Beef price hits 16-year low
NFU president Sir David Naish has called for increased aid for cattle farmers as beef prices slumped to the lowest level for 16 years.
With cattle prices plunging as low as 83p/kg at markets, Sir David urged the next government to increase the suckler cow premium by £20/beast, and to provide compensation for losses caused by the green £ revaluations.
The drop in finished cattle prices is being compounded by the flood of beef from the EU being dumped on the UK market. Sir David said it was time for the UK government to consider national labelling of British beef, to allow consumers to choose what he claimed was the safest beef in the world.
European producers were still getting at least 10p/kg more for live cattle because they were being paid for offals. That was not an option in the UK because of the stringent BSE-controls.
Setting out the NFUs priorities for the next government, Sir David promised that at his first meeting with the farm minister he would demand the introduction of common EUBSE controls.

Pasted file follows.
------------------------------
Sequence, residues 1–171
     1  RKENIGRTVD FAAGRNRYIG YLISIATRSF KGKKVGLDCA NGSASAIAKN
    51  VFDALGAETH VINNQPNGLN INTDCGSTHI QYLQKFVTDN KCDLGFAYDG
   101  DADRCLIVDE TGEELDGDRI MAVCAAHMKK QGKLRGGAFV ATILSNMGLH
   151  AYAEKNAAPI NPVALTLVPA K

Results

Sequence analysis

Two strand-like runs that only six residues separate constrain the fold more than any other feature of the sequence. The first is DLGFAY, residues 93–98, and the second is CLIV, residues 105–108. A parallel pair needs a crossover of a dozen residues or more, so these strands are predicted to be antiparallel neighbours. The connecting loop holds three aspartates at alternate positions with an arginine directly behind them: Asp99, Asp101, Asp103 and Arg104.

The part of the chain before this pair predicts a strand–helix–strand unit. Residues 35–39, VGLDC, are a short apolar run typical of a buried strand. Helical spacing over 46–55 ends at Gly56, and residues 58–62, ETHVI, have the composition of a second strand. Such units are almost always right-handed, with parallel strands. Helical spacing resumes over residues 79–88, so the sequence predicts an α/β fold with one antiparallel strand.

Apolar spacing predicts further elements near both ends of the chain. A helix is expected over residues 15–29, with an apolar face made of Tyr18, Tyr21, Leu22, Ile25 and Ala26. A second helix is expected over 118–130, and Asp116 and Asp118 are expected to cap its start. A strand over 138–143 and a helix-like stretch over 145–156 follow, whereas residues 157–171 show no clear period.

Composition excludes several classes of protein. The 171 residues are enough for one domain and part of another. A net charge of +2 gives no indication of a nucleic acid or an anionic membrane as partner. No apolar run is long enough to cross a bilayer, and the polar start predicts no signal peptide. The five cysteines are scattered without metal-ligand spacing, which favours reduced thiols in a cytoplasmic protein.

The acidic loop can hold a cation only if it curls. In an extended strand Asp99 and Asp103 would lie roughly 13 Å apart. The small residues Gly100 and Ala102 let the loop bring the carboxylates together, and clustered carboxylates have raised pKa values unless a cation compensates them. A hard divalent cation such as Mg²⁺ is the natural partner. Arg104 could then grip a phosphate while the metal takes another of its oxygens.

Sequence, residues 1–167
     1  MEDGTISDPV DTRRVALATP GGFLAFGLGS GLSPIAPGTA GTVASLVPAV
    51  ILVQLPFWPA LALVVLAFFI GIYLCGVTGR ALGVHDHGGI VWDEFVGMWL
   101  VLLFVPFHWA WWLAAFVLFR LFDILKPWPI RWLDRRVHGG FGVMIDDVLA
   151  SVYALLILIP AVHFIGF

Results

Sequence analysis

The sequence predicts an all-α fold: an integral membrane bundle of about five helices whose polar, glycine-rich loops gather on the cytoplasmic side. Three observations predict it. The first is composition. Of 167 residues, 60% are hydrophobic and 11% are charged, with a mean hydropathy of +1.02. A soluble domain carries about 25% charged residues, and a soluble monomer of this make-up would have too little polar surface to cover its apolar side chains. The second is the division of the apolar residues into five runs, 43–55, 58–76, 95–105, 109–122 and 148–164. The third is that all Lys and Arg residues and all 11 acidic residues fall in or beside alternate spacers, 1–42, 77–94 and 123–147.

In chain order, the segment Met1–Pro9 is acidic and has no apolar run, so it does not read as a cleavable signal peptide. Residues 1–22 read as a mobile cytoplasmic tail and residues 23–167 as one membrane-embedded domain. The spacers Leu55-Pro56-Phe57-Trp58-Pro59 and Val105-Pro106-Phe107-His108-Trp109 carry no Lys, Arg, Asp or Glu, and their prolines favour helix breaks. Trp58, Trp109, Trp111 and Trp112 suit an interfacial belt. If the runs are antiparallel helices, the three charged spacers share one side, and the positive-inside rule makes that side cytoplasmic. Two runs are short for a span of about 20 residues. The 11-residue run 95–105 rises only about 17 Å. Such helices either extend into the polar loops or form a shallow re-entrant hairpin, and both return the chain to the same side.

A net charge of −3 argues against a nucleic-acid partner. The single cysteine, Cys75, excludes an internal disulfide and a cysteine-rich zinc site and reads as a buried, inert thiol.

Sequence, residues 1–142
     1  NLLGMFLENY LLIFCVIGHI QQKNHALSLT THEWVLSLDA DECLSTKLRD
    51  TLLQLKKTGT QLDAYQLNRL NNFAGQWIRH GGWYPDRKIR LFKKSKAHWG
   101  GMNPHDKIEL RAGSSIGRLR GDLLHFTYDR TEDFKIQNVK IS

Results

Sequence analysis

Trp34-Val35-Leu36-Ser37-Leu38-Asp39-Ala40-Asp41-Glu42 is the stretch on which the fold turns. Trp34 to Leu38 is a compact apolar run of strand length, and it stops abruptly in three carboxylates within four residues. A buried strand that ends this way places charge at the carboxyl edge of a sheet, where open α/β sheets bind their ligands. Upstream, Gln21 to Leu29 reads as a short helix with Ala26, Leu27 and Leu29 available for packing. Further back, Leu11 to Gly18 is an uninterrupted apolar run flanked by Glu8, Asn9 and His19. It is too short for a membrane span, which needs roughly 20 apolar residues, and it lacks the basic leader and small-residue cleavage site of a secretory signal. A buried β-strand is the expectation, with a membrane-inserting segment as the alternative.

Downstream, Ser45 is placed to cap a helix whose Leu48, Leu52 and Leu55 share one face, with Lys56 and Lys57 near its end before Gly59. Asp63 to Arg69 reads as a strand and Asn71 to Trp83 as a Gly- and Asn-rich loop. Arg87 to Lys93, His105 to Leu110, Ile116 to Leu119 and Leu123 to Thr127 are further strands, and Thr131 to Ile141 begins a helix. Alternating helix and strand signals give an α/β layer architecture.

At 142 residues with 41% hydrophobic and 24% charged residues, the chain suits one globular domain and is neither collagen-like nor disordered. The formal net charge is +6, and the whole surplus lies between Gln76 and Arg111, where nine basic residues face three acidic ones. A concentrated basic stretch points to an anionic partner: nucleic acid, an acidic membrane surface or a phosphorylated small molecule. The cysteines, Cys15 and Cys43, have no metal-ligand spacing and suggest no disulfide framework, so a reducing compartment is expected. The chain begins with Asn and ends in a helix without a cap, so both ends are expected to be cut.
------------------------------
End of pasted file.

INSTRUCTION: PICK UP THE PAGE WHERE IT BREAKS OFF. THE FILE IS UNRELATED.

Denying that he was depressed by the doubts raised by EU Commissioners Franz Fischler and Emma Bonino about the certified herd scheme, Sir David said he would continue to press hard to get the beef ban lifted.
The next UK farm minister would have a key role to play in restoring European consumer confidence. "The minister has to work in Europe,"Sir David said.
rather than on Europe, and he will have to win friends," Sir David said.
NFU deputy president Ben Gill was concerned about the possible repercussions from scientific reports suggesting the BSE prion could survive far higher temperatures than was previously believed. But Mr Gill stressed it was vital that politicians listened and responded to scientists in all issues concerning BSE.
Sir David said the NFU would ask the next farm minister to reverse the cut in support to renderers because it was effectively threatening to put another tax on livestock producers.
Other issues on which the union wants swift action include a decision on this years set-aside rate, the publication of the Krebs report into TB and badgers, and greater progress on farm assurance.